Growing seed potatoes can be an important contribution to your long-term survival food supply.
Potatoes have some important characteristics as a survival food:
You can plant potatoes once the danger of hard frost is passed in the spring. You can check your last spring frost date here
We usually do two plantings; one in early-mid May for fresh eating new potatoes and one around the end of June for storage.My later planting is about twice as large as the earlier one.
I grow only red potatoes since I prefer their taste and texture. Good choices for the early planting include Red Norland and Chieftain; the later planting could be Red Pontiac or Ida Rose for storage. All of these have produced abundantly for me.
If you decide to pre-sprout your potatoes, you'll want to put your seed potatoes out in a single layer in a cool lighted spot. This will encourage strong shoots. Do this about 2 weeks before you plan to plant.
Note: I've planted both with and without pre-sprouting, and, as long as you use good seed potatoes with visible eyes, I can't say it makes a difference.
One or two days before planting, cut each seed potato into sections, making sure each section has a couple good eyes.
Lay the cut potato sections out in a tray in a single layer to dry a bit before planting.
Plant your potatoes in a site with full sun, and deep soil. I till the ground thoroughly, then use the hiller-furrower attachment on my rear-tine tiller to shape the bed and make a furrow.
I have tried surface planting potatoes using mulch hay to cover them deeply, but I found the yield was greatly reduced.
I buy five pounds of seed potatoes for each variety I plant. This will usually fill a 50-foot row for each type.
The second planting yields about 100 lbs. from each row, for storage. We don't eat that much ourselves, but we barter some with a neighbour that grows great winter squash, and we keep some back for re-planting.
I space my furrows 5 feet apart to allow lots of room for hilling up the spuds. I can also quickly run the tiller down the rows to chew up the weeds, and loosen soil.
I add a layer of well-composted manure to the bottom of the trench and mix it in.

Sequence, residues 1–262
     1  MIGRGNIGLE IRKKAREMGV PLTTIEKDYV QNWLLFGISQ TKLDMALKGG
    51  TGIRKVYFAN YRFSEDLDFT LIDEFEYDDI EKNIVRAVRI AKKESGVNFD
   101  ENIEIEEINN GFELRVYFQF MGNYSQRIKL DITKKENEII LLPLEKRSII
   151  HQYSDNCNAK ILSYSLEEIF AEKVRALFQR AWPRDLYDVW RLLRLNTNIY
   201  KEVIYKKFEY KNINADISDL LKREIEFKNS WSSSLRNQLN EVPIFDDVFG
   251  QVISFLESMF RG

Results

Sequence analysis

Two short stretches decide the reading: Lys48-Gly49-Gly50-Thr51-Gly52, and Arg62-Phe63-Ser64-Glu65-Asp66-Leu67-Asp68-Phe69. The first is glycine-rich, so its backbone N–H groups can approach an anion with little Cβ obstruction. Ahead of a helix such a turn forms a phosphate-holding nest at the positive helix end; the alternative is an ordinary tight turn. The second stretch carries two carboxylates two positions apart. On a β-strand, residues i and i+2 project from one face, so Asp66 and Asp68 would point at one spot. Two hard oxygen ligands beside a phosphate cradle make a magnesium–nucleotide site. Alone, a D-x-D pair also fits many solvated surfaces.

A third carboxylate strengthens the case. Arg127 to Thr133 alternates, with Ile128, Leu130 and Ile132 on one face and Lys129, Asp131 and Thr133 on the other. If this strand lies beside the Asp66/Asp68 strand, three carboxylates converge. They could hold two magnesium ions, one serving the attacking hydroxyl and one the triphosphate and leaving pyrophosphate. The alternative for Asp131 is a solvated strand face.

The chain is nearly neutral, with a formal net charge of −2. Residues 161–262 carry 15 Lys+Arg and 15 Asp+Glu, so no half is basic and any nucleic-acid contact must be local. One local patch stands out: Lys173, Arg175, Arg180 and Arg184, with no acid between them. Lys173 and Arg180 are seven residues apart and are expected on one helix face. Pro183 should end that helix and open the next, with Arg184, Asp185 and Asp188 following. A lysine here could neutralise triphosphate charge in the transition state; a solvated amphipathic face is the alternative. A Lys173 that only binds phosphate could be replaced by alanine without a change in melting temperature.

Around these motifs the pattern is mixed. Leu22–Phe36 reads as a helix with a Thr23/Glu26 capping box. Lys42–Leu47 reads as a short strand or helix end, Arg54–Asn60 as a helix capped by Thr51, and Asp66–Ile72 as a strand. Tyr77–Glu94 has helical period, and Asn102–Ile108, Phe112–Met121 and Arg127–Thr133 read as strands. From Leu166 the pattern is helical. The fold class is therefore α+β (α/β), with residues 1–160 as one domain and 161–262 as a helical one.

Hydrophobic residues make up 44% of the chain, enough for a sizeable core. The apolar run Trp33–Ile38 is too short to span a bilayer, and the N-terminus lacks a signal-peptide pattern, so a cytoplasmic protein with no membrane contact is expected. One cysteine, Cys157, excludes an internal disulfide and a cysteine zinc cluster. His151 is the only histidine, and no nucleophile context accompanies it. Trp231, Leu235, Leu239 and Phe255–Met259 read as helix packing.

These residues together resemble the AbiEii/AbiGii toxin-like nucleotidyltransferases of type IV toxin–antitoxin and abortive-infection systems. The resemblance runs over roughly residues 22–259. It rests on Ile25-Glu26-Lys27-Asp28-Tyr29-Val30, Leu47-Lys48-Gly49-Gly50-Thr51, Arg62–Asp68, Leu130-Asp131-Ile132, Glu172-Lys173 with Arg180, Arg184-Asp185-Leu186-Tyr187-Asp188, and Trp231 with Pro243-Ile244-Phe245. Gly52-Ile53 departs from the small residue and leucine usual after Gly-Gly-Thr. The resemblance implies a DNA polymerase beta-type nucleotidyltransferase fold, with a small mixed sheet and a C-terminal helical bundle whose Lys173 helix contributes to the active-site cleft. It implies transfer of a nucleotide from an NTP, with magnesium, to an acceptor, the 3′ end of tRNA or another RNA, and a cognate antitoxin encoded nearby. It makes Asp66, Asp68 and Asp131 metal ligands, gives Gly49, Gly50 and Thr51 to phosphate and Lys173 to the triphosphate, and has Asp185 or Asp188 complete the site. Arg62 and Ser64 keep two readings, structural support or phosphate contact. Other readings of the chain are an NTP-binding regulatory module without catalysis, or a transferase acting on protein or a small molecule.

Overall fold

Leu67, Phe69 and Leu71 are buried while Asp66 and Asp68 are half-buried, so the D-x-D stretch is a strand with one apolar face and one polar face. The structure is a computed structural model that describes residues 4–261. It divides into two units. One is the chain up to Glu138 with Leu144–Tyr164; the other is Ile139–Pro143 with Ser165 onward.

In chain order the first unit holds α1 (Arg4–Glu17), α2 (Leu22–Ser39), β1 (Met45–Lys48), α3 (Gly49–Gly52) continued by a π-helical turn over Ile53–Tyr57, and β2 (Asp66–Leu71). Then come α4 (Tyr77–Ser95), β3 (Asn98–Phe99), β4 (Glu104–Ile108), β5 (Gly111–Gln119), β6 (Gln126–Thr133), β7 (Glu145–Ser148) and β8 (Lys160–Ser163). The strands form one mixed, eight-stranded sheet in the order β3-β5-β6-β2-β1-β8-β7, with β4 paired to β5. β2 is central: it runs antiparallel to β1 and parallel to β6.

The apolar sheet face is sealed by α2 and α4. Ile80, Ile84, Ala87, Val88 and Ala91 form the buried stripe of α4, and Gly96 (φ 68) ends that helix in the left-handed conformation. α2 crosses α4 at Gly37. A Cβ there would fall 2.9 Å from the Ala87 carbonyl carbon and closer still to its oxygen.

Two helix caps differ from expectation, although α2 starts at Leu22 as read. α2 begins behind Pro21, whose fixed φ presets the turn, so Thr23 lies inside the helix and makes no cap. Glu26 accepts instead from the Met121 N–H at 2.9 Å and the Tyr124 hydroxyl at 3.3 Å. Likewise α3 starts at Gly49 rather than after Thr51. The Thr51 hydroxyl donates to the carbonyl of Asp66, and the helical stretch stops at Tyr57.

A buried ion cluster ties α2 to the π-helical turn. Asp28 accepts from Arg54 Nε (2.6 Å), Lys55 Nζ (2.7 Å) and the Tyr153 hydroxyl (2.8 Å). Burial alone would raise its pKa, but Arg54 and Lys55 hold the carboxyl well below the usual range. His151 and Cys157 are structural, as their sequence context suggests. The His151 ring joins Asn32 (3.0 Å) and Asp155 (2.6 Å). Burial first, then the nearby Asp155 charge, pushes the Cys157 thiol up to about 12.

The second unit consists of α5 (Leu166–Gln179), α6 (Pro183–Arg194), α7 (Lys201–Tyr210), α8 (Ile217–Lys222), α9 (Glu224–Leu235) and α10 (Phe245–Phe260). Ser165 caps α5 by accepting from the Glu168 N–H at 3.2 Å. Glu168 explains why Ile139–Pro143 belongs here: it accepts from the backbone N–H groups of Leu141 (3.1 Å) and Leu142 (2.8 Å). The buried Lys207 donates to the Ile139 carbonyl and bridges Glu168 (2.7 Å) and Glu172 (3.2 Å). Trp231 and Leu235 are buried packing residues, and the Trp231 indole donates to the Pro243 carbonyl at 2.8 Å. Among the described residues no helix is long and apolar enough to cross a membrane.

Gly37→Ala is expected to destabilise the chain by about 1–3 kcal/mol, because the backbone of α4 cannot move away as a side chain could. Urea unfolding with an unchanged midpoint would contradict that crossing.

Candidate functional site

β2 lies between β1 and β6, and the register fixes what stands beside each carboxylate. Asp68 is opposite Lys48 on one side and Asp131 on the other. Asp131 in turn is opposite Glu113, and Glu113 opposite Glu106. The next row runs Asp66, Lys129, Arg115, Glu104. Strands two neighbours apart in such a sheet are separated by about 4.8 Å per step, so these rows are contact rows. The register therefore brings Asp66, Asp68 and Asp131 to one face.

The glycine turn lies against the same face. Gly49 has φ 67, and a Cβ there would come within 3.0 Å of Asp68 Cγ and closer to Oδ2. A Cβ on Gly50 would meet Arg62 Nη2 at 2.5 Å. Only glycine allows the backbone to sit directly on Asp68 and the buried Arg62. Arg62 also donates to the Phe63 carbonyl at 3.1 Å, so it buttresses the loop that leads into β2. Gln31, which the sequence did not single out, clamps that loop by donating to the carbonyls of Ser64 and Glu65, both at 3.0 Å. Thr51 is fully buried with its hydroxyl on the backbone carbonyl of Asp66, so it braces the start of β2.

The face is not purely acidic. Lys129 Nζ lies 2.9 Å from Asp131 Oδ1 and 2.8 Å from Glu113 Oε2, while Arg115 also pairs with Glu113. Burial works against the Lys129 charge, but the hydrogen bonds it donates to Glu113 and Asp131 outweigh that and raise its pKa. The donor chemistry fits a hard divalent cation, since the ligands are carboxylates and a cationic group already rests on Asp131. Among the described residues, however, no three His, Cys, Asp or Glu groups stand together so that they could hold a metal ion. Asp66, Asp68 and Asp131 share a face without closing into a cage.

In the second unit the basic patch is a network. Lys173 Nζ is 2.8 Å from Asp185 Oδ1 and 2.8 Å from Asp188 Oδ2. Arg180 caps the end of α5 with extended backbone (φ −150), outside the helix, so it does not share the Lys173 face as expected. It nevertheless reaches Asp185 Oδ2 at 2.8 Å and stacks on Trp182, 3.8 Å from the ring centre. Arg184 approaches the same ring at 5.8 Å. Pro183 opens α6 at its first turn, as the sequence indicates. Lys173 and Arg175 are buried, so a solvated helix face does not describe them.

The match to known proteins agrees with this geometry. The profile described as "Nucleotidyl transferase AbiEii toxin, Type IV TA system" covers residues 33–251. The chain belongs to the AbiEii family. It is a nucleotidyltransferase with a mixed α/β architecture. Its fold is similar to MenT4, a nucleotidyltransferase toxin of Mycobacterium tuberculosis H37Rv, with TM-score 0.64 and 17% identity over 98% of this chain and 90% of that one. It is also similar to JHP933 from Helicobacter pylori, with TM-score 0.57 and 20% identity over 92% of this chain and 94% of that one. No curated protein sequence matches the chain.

I plant the seed potato pieces about 14 inches apart in the furrow; a garden rake makes a good measuring device. This is further apart than many books suggest, but my experience suggests I get larger spuds at this spacing.
Cover the potatoes with a couple inches of soil. In the spring, the ground usually has enough moisture to promote growth. Plantings later in the season, or in very dry soil, should be watered in.
Once your potatoes are well up, hill them using a garden hoe. I usually run the tiller close to the plants first to loosen the soil and kill weeds.
Bury the plants right to the top leaves. Potatoes grow off the stalk, so more hilling equals more potatoes.
We will run the sprinkler once a week if we don't receive any rain.
You can control potato beetles by hand picking (catch the bugs, drown them in soapy water, and squash any eggs or larvae you see on the leaves) or by using floating row cover.
We have found that our second planting rarely suffers from potato beetles; I suspect we stumbled on a way to beat them based on their life cycle.
You can dig new potatoes once the plants have finished flowering. New potatoes are for fresh eating, they won't store well.
Dig your main crop once the plants have started to die back in the fall. Dig in dry weather, using a garden fork to lift the soil carefully without spearing the spuds.
To store your spuds long-term, brush off excess dirt carefully; don't wash them. Store only the undamaged potatoes.
You want to cure them for a couple weeks at about 50F (10C). Lay your potatoes out in a single layer, in a dark location. A cool basement would work if you can exclude light. After a couple weeks you can move then to their permanent storage.
I have a heavily-insulated cold room in an outbuilding to store my potatoes, garlic, onions, and carrots. I can do curing and long-term storage in the same location because I can control the light, temperature and humidity
Once the spuds are cured, I maintain the temperature between 36-40F (2-4C), and I keep a pan of water in the room in front of the heater to help keep humidity high.
I have lots of space, so I store my potatoes in trays in a single layer. This makes it easy to check for spoiled spuds.
You can store them in bins, but check regularly for any that are sprouting or beginning to spoil.
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